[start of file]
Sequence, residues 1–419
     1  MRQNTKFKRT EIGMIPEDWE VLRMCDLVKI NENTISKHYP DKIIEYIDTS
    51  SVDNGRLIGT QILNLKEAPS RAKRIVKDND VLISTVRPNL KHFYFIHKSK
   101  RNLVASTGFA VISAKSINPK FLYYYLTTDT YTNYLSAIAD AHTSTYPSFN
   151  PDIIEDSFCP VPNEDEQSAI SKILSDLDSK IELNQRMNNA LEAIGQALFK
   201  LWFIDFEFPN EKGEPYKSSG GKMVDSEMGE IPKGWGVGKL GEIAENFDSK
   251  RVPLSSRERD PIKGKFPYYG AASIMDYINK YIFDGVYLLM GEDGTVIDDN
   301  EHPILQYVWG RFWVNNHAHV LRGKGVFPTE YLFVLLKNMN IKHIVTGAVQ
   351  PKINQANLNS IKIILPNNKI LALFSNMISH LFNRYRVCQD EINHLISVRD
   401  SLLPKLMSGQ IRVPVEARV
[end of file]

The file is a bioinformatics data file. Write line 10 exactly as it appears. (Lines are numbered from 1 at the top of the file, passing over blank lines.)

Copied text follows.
   401  SLLPKLMSGQ IRVPVEARV